Associate Professor of English
Massachusetts Hall - 107
Guy Mark Foster
Violence and interracial sex have long been conjoined in U.S. literary, televisual, and filmic work. The enduring nature of this conjoining suggests there is some symbolic logic at work in these narratives, such that black/white intimacy functions as a figural stand-in for negative (and sometimes positive) commentary on black/white social conflict. When this happens, what becomes of “sex” as a historically changing phenomenon when it is yoked to the historically unchanging phenomenon of the “interracial”? Although counter-narratives have recently emerged to compete with such symbolic portrayals, i.e. romance novels, popular films and television shows, not all of these works have displaced this earlier figural logic; in some cases, this logic has merely been updated. Explores the broader cultural implications of both types of narratives. Possible authors/texts: Richard Wright, Chester Himes, Ann Petry, Lillian Smith, Jack Kerouac, Frantz Fanon, Kara Walker, Amiri Baraka, Alice Walker, Octavia Butler, John R. Gordon, Kim McLarin, Monster’s Ball, Far From Heaven, and Sex and the City.
Guy Mark Foster
Examines literary texts in which writers from the United States and Europe follow a well-worn literary dictum to “show rather than tell” narratives dramatizing the always complex, sometimes painful, but always endlessly challenging negotiations of intimate relationships. Throughout the term, students read a variety of literary works: from an Anton Chekhov play to short stories by Edwidge Danticat and Raymond Carver. Attention given to the impact on these narratives of historical and cultural shifts in race, gender, class, and sexual discourses.
“What To Do If Your Inner Tomboy Is a Homo: Straight Women, Bisexuality, and Pleasure in M/M Gay Romance Fictions.” (2015) Journal of Bisexuality. 15:4, 509-531. (PDF)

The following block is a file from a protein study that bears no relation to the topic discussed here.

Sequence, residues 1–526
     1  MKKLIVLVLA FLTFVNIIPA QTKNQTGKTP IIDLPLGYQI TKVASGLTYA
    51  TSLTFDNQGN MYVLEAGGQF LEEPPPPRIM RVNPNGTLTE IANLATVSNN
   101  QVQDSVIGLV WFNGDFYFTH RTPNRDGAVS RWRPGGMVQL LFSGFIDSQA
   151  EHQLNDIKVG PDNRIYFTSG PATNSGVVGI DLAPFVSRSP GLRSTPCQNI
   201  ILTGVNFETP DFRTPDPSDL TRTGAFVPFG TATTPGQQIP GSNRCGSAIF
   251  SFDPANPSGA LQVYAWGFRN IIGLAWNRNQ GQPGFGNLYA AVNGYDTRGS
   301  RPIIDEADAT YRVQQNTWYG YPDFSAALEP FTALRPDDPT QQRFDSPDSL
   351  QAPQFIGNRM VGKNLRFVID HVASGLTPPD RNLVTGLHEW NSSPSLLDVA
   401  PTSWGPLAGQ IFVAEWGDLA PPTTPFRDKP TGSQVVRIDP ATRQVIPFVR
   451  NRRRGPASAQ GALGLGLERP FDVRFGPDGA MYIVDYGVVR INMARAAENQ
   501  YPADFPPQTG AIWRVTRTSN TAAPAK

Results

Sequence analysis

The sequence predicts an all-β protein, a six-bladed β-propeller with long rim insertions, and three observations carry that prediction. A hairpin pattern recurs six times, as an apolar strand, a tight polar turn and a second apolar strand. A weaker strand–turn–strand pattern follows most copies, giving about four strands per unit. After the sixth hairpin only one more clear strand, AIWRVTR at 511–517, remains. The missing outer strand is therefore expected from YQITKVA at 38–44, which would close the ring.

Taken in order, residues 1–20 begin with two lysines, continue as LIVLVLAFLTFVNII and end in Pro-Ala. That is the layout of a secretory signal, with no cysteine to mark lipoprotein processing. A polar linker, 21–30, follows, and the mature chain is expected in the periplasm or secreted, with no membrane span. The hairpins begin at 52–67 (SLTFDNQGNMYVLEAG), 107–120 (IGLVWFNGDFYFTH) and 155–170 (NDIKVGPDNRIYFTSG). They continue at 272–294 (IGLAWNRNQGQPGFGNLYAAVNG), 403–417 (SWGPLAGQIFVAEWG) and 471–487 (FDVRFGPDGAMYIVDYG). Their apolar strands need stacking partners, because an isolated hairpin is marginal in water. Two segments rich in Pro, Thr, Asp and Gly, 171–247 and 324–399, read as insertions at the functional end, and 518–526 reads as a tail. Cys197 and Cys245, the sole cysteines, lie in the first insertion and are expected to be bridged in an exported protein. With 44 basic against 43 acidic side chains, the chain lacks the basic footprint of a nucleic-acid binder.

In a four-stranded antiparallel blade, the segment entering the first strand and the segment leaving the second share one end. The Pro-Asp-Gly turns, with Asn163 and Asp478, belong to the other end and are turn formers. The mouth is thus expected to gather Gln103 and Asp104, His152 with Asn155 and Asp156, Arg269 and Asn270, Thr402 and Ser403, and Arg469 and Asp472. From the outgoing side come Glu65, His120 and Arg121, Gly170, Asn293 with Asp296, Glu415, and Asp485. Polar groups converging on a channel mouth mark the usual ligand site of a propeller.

"The Rest of Us: Stories" (Lethe Press, 2013)
"African American Literature and Queer Studies: The Conundrum of James Baldwin." A Companion to African American Literature. Ed. Gene Andrew Jarett, Wiley-Blackwell, 2010. (Access article in PDF)
"'Do I look like someone you can come home to from where you may be going?'" Re-mapping Interracial Desire in Octavia Butler's Kindred." African American Review 41.1 Spring 2007. (Access article in PDF)
"How Dare a Black Woman Make Love to a White Man! Black Women Romance Novelists and the Taboo of Interracial Desire." Empowerment versus Oppression: 21st Century Views of Popular Romance Novels. Ed. Sally Goade, Cambridge Scholars Press, 2007. (Access article in PDF)
"Desire and the 'Big Black Sex Cop': Race and the Politics of Intimacy on HBO's Six Feet Under" (The New Queer Aesthetic on Television: Essays on Recent Programming, Eds. James Keller & Leslie Stratyner, McFarland Publishers, 2006) (Access article in PDF)
Encyclopedia Entries: ZZ Packer and Robert Stepto. An Encyclopedia of African American Literature. Eds. Hans Ostrom and David Macey. Greenwood Press (forthcoming).
"Welcome to the Funhouse: Critical Theory and the 'Problem' of Interracial Sexuality." Review Essay of Black Venus: Sexualized Savages, Primal Fears, and Primitive Narratives in French (Duke UP, 1999), T. Denean Sharpley-Whiting. Radical Philosophy Review 2.2 (Winter, 1999): 10 pages. (Access article in PDF)
"This Man and Me." Ancestral House: The Black Short Story in The Americas and Europe. Ed. Charles H. Rowell (CO: Westview Press, 1995), Fiction. (Access article in PDF)
Review of Lives of Notable Gay Men and Lesbians: James Baldwin, Randall Kenan (Chelsea House Publishers, 1994). Lambda Book Report. March/April 1994.
Review of The Tranquil Lake of Love: Poems, Carl Cook (Vega Press, 1993). Lambda Book Report. September/October 1993.
"Legacy" and "Lasius Niger." Sojourner: Black Gay Voices in the Age of AIDS. Ed. B. Michael Hunter (NY: Other Countries Press, 1993), Fiction.
"The Book of Luke." Brother to Brother: New Writings by Black Gay Men. Ed. Essex Hemphill (Boston: Alyson Publications, 1991), Fiction.
"Immortally Yours." Shadows of Love: American Gay Fiction. Ed. Charles Jurrist (Boston: Alyson Publications, 1988), Fiction.
Book project: "Waking Up with the Enemy: Postwar African American Literature and the Ethics of Interracial Intimacy"
Common Hour: The Karofsky Faculty Encore Lecture: "Race Traitors and Their Critics: Unmasking Interracial Anxiety in Octavia Butler's Kindred"
Academic Spotlight: "Romance Novels Explore Racial Boundaries"